Alberta Alliance Vicki Kramer 513 4.54%
Total 11,295
Rejected, spoiled, and declined 92
Eligible electors / Turnout 23,671  %
     NDP pickup from Progressive Conservative Swing 12.54%

2001 general election[edit]

2001 Alberta general election results[22]
Turnout 51.78% Swing
Affiliation Candidate Votes % Party Personal
Progressive Conservative Brent Rathgeber 5,128 41.99% 9.58%
     Liberal Lance White 4,654 38.10% -2.21%
New Democratic Christine Burdett 2,432 19.91% -7.37%
Total 12,214 100%
Rejected, Spoiled and Declined 42
23,671 eligible electors
Progressive Conservative gain from Liberal Swing 5.90%


  1. ^ "Tory sends White riding into history". Edmonton Journal. March 13, 2001.
  2. ^ "Alberta Votes 2004: Edmonton-Calder". CBC News. Retrieved December 17, 2015.
  3. ^ "Teacher's win gives NDP opposition status". Edmonton Journal. November 23, 2004.
  4. ^ "Rathgeber looks to succeed John Williams in St. Albert". Edmonton Journal. October 8, 2008.
  5. ^ "Federal Election 2008: Edmonton—St. Albert". The Globe and Mail. Retrieved December 17, 2015.
  6. ^ "Rathgeber romps to victory". St. Albert Gazette. May 3, 2011. Retrieved November 24, 2017.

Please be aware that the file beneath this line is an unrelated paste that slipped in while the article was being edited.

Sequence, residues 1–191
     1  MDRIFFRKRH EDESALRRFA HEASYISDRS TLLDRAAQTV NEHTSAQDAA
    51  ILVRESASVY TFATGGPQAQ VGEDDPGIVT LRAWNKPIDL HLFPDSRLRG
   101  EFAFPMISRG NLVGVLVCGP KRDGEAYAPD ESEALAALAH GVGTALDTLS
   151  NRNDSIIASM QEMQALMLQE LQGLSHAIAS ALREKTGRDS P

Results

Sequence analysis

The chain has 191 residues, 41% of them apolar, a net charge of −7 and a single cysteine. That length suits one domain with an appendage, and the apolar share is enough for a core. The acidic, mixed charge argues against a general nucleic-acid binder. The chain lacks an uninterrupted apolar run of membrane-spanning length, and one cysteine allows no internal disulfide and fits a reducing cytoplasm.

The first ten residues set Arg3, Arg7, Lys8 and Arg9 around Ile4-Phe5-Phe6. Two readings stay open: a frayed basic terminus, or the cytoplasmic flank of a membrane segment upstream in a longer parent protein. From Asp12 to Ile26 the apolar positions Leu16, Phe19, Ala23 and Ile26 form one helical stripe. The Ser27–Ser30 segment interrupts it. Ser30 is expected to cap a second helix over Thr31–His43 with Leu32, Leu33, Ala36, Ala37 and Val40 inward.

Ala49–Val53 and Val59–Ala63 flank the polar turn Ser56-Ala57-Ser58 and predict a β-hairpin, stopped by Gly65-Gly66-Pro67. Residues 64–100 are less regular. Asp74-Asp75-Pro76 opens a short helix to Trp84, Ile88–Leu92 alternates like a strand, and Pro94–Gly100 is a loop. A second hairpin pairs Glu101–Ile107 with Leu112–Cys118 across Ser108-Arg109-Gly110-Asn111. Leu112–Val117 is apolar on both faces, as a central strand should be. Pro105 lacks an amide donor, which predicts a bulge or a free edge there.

7. ^ "Rathgeber re-elected in Edmonton-St. Albert". Toronto Sun. May 3, 2011. Retrieved December 17, 2015.
  8. ^ Wherry, Aaron. "Brent Rathgeber Maverick Watch". Maclean's. Retrieved September 3, 2012.
  9. ^ Wherry, Aaron. "Another vote for motion 312". Macleans. Retrieved September 25, 2012.
  10. ^ a b Rathgeber, Brent. "Brent Rathgeber, MP". Twitter. Brent Rathgeber. Retrieved June 5, 2013.
  11. ^ "A political barometer of voter discontent". Waterloo Region Record. June 8, 2013. Retrieved December 17, 2015.
  12. ^ "Former Alberta Conservative Brent Rathgeber to go up against one-time supporter in 2015 election". Global News. January 8, 2015. Retrieved December 17, 2015.
  13. ^ "Several Alberta seats could be up for grabs, poll analyst says". CBC News. September 9, 2015. Retrieved December 17, 2015.
  14. ^ "Conservatives elected in five of eight Edmonton ridings". CBC News. October 19, 2015. Retrieved December 17, 2015.
  15. ^ "Rathgeber falls short in bid to win as independent". Edmonton Journal. October 19, 2015. Retrieved December 17, 2015.
  16. ^ "Brent Rathgeber, Author at iPolitics". iPolitics. Retrieved 2019-09-12.
  17. ^ Brent Rathgeber (September 10, 2014). Irresponsible Government: The Decline of Parliamentary Democracy in Canada. Dundurn Press. ISBN 9781459728370.
  18. ^ "Harper's caucus control described in book by MP, a former Tory". The Globe and Mail. September 7, 2014. Retrieved December 17, 2015.
  19. ^ "October 19, 2015 Election Results — St. Albert—Edmonton (Validated results)". Elections Canada. 21 October 2015. Retrieved 4 November 2015.
  20. ^ Elections Canada – Preliminary Election Expenses Limits for Candidates Archived 2016-03-04 at the Wayback Machine
  21. ^ "Edmonton-Calder Statement of Official Results 2004 Alberta general election" (PDF). Elections Alberta. Retrieved February 12, 2012.
  22. ^ "2001 Statement of Official results Edmonton-Calder" (PDF). Elections Alberta. Retrieved March 3, 2010.